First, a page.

Meanwhile the poor quarterbacks that have been cursed to play for Martz in recent years have been deprived of the ability to make smart reads before the snap in order to protect themselves and look for the big play. The fact that the leaders of the Bears organization didn’t understand that when they hired him shows that they are so philosophically commited to defense that they are willfully ignorant about offense.

  28. edusregis says: Jan 16, 2012 8:35 PM

    My 12-yr old son just asked me who Mike Martz was.

  29. rubbernilly says: Jan 16, 2012 8:56 PM

    Thank goodness he never was coordinator or head coach for a Favre offense. That confluence of gun-slinger, all-in, throw first, then throw some more…

    …well, it brings to mind the Ghostbusters notion of “crossing the streams,” if you know what I mean.

    I think the universe as we know it might have ended.

  30. gosuhgo says: Jan 16, 2012 9:07 PM

    The world of the NFL, where it’s better to have one of your friends or somebody you know on the job than someone who actually is good at the job. Maybe Jeff Fisher can get Chuck Cecil back in soon, too.
    _____________________
    Sorry, that’s just…the world.

  31. edavidberg says: Jan 16, 2012 9:27 PM

    I have no love for the guy. His undeserved arrogance is off-putting. One would think after so much failure the last 5 plus years he would have developed some much needed humility.

    I appreciate his role as OC of the Rams, but I hold him responsible for that group of core guys only winning one title. I’d be more complementary of the guy’s accomplishment if he didn’t truly believe that he was an offensive genius in spite of all the evidence to the contrary. Isn’t it about winning football games? It is hard to respect someone who is all about appearances.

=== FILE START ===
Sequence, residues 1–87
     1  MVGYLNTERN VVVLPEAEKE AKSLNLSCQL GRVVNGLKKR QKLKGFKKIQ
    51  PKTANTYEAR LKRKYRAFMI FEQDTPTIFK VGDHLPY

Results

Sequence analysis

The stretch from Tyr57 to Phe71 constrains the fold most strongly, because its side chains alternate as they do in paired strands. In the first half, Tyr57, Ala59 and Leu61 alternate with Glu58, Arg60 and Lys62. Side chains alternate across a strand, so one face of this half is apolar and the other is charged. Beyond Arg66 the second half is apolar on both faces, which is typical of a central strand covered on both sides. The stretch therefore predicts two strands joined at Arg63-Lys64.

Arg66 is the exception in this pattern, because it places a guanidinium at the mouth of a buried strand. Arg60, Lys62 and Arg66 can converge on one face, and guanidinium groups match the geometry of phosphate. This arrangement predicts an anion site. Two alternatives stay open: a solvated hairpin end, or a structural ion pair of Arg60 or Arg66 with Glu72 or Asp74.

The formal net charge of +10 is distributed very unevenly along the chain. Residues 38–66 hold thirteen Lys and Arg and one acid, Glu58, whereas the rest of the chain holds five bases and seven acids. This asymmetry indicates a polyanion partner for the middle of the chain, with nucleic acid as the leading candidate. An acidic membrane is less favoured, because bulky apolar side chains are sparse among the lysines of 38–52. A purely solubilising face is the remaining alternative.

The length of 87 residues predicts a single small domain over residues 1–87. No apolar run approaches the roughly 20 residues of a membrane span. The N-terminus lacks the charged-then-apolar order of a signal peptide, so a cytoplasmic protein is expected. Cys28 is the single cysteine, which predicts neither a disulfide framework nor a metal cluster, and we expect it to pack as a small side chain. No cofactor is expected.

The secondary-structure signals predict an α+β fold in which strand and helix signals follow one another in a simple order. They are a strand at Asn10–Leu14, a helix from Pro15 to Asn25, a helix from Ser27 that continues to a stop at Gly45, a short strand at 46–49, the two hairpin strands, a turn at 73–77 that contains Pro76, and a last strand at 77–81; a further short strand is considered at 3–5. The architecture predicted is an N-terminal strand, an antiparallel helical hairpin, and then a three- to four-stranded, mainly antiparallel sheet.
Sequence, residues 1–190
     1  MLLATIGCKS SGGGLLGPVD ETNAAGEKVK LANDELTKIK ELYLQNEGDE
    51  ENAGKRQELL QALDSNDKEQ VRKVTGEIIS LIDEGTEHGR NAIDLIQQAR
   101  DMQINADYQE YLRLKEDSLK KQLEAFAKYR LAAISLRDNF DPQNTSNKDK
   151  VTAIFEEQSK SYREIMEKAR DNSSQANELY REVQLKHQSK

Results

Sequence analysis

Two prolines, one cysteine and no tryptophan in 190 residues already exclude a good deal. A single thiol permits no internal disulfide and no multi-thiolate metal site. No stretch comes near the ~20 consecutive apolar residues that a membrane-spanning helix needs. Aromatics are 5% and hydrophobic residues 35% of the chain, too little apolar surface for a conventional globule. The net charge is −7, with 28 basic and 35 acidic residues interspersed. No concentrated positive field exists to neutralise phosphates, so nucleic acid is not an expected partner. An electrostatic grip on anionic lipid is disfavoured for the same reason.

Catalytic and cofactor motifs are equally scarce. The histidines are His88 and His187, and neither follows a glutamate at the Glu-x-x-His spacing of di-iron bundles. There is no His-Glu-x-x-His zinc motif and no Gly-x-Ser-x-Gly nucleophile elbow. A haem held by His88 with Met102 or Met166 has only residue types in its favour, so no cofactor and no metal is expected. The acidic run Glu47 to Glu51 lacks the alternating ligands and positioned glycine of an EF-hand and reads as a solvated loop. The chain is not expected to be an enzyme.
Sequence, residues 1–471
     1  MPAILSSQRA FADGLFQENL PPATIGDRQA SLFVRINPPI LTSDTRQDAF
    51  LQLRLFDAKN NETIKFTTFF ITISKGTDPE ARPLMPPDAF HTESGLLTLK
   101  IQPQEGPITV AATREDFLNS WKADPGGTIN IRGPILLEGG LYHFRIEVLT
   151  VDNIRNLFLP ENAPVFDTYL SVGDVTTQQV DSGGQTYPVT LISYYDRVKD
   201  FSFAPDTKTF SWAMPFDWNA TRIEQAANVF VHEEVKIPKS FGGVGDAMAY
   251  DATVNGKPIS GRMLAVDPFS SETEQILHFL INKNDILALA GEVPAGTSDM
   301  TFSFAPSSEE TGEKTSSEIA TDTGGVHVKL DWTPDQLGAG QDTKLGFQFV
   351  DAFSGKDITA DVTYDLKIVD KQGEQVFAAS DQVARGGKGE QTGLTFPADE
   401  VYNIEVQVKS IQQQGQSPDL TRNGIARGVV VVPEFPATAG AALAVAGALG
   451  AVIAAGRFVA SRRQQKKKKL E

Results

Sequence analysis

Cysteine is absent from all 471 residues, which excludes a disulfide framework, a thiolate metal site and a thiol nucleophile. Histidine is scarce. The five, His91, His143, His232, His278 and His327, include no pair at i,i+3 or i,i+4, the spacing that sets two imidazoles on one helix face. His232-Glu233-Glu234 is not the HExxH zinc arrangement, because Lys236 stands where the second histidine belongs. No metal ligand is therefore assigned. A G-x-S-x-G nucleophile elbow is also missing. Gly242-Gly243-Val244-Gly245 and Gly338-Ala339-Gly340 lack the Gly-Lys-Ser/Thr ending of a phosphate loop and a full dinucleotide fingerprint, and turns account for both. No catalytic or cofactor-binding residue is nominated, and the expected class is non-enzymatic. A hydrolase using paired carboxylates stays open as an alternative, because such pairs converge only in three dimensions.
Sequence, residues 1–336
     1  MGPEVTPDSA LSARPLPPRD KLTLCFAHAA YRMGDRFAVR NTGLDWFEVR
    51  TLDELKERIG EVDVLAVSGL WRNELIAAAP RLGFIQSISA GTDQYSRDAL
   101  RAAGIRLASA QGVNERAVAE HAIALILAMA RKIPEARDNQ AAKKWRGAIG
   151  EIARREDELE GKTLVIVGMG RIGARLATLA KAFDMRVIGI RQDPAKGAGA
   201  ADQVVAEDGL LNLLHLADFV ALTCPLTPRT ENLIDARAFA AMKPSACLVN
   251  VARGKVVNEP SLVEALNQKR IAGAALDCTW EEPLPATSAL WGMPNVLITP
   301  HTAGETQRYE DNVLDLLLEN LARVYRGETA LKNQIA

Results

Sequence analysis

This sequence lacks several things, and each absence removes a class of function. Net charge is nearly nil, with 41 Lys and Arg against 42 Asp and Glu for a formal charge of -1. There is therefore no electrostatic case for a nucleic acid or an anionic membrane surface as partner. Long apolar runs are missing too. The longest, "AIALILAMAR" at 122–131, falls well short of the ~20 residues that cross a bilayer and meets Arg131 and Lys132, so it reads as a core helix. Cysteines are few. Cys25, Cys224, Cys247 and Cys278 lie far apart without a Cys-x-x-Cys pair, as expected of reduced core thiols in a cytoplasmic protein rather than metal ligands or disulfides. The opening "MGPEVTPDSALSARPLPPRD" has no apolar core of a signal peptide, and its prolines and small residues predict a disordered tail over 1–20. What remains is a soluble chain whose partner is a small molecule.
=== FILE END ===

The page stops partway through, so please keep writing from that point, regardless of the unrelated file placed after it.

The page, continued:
32. aljack88 says: Jan 16, 2012 9:39 PM

    paleandpasty says:
    Jan 16, 2012 6:39 PM
    His 2001 rams lost to the patriots who illegally taped their superbowl walkthrough. He might be stubborn but the pats new every play.
    ———————————————————–
    Why do you believe such a story?

    Can I sell you a used car? Trust me.

    There was NO taping of any superbowl practice walkthroughs.

    http://sports.espn.go.com/nfl/news/story?id=3395152

    It really doesn’t take too much initiative to search for information on anything on the internet; there’s even web sites like “Google” that make it real easy.

    But the gist of that claim came from the Boston Herald, by a sports writer not on good terms with the Patriots, who retracted the story and issued an apology.

    “The Boston Herald regrets the damage done to the team by publication of the allegation, and sincerely apologizes to its readers and to the New England Patriots’ owners, players, employees and fans for our error.”

  33. garyman1 says: Jan 16, 2012 9:51 PM

    NO WAY, NO HOW he retires…. he just wanted some new scenery and get the hell away from the offensive (or lack thereof) weapons on the Bears.
    I’m not going to fall for that banana in the tail pipe.

    He’ll be back within 2 years.

  34. pacificnw7722 says: Jan 16, 2012 10:03 PM

    I went to use the bathroom at Halas Hall, on the wall it read…here I sit all broken hearted tried to pass but only farted.